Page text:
It wouldn't be an exaggeration to say that the colossal growth of government over the last two decades was financed by raiding the dwindling bank accounts of America's families. If the personal exemption, which was $600 in 1948, had kept pace with inflation, it would be worth $2,700 today. So, there's a tax increase the people didn't even know was being imposed on them. We plan to almost double the current exemption to $2,000. We can't go all the way, but our plan would raise the exemption in order to make up for some of what the families lost over those years. To me, that's only fair, and what's fair is worth fighting for. And I hope you're with me on that. [Applause] Thank you.

Now, we are also increasing the standard deduction for joint returns to $4,000, and our proposal will mean that families as well as the elderly, the blind, and the disabled living at or below the poverty line will be completely scratched from the Federal income tax rolls. The United States Government will no longer tax families into poverty. Our profamily measures will mean that a family of four doesn't have to pay one single cent of Federal taxes on the first $12,000 of income. And because saving is so essential to families but so very difficult with all these expenses, we're expanding the tax-free savings accounts of the IRA's so that they are fully available to nonwage-earning spouses. We figure that the housewife is also working a full 40 hours a week and probably much more. So, let's have an end to treating homemakers like second-class citizens.

Our profamily initiatives are designed to make it affordable to raise families again. You shouldn't have to be affluent to experience the blessings of home life, and that's a right to which every American is entitled. I'm glad to say that the Democratic-controlled House Select Committee on Children, Youth, and Families has rated our tax proposal the most profamily tax proposal before the Congress, more profamily than any other proposal that's around and light years ahead of the present system. Now -- and this goes beyond economics, although in my opinion profamily policies are the best economics there is -- this gets to the moral code -- or core of our nation. America has a responsibility to the future, and our children are our future. We're a nation of immigrants who've labored and sacrificed to give our children a better life, and we can't let big government, high tax policies take away what we've worked so hard to achieve.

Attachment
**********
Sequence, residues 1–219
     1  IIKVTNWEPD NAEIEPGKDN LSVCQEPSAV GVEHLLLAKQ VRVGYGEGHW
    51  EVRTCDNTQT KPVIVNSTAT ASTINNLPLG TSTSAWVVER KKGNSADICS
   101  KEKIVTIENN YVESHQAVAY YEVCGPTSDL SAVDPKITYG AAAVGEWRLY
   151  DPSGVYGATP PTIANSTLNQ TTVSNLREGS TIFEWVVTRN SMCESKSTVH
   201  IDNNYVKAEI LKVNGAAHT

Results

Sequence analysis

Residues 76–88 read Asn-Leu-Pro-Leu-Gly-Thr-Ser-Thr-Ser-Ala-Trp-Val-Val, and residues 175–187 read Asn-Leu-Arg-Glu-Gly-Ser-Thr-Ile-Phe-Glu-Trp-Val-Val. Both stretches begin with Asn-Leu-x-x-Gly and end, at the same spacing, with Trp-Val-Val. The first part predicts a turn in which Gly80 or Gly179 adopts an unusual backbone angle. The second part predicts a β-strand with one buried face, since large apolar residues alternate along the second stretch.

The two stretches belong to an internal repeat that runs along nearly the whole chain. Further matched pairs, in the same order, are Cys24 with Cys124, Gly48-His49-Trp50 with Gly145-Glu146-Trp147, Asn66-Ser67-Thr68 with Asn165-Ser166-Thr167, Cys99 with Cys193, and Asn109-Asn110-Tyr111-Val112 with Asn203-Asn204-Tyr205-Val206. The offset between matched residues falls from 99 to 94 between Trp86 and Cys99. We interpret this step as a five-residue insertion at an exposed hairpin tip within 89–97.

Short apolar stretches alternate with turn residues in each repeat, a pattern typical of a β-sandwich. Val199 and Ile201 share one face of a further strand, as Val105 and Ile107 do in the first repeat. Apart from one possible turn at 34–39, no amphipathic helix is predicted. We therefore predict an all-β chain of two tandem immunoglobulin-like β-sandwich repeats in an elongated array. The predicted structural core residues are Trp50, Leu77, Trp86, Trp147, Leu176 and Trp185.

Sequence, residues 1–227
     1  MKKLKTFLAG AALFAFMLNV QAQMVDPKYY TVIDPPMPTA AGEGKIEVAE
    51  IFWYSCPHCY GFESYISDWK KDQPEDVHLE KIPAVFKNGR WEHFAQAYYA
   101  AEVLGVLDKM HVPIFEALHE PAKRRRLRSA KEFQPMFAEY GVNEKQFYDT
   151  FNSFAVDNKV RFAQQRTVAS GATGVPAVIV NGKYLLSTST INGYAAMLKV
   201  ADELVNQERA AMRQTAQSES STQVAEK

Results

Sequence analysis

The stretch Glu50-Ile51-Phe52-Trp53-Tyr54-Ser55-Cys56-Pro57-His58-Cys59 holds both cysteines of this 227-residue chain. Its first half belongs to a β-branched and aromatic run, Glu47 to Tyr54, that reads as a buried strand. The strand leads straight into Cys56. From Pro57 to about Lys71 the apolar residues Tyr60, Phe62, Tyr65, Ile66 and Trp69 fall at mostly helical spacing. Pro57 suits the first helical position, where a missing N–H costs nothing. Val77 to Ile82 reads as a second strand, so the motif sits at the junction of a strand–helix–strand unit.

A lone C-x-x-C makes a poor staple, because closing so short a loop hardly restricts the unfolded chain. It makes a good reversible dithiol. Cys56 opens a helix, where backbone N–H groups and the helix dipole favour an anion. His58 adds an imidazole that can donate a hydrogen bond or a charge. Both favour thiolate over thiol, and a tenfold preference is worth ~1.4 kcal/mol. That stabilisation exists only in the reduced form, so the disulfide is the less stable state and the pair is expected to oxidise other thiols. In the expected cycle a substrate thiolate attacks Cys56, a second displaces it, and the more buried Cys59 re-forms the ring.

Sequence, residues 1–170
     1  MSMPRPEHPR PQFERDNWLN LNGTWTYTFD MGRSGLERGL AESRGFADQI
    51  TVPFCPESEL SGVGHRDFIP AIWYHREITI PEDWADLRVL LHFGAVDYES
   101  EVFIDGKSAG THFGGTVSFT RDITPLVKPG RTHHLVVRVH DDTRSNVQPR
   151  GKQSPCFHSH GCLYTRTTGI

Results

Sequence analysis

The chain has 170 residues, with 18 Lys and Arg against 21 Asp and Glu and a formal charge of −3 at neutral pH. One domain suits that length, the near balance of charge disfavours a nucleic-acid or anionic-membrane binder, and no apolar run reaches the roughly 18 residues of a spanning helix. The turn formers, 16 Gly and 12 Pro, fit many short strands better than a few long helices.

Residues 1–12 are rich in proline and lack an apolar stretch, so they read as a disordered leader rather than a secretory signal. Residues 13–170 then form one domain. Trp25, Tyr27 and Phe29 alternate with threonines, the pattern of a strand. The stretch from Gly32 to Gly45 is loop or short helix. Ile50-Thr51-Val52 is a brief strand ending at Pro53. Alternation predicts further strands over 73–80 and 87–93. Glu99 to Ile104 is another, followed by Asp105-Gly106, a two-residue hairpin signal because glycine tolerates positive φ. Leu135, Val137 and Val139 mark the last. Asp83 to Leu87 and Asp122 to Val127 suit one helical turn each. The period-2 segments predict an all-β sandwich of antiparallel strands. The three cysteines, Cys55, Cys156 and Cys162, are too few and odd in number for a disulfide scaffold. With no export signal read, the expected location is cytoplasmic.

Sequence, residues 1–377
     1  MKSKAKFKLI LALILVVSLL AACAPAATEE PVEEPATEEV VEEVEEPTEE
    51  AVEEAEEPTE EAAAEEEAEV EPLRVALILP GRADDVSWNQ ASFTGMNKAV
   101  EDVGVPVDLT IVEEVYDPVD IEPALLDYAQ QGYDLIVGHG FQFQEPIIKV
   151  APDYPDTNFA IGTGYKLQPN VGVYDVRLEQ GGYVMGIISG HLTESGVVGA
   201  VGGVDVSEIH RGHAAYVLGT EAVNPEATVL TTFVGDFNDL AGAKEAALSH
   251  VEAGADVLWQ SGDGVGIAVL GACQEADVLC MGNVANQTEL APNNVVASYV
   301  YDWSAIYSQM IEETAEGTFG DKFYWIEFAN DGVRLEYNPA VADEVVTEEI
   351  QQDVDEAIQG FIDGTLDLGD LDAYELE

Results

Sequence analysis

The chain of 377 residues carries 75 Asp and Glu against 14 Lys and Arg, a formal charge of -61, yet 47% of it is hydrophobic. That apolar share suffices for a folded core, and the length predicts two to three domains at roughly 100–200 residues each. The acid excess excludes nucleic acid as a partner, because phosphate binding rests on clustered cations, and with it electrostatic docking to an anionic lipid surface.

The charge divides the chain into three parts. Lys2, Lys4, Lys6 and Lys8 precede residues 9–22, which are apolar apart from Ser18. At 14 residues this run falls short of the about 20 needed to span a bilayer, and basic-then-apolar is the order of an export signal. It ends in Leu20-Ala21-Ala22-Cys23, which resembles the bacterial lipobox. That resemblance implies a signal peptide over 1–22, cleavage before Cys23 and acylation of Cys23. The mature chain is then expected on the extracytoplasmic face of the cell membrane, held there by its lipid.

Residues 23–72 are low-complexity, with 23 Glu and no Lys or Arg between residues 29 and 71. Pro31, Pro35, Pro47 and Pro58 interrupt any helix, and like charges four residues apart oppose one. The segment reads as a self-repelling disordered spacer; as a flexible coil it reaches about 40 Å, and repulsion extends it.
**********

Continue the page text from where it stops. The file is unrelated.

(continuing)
You know, our forefathers got so riled up over a tea tax, among other things, that they started a revolution. Now, today we have a tax on families, a tax on achievement, success, and aspiration -- a tax on the American dream. Well, I think it's time we had another revolution, a peaceful one this time, called America's fair share tax plan. This fair share tax plan is a gift that we owe to ourselves and to our children. And with your help, mobilizing support out there in the grassroots, we'll have it wrapped up by the holiday season, and then we'll really have something to celebrate on New Year's Day.

So, thank you all for being here. God bless you all. Thank you. When I first got here, a little 11-year-old girl wrote me a letter, and she told me all the things that I should do. And by golly, she had a pretty good grasp on what was needed. But I've always remembered her letter. She wound up and said, ``Now get back over to the Oval Office and go to work.'' [Laughter]

Note: The President spoke at 1 p.m. in Room 450 of the Old Executive Office Building.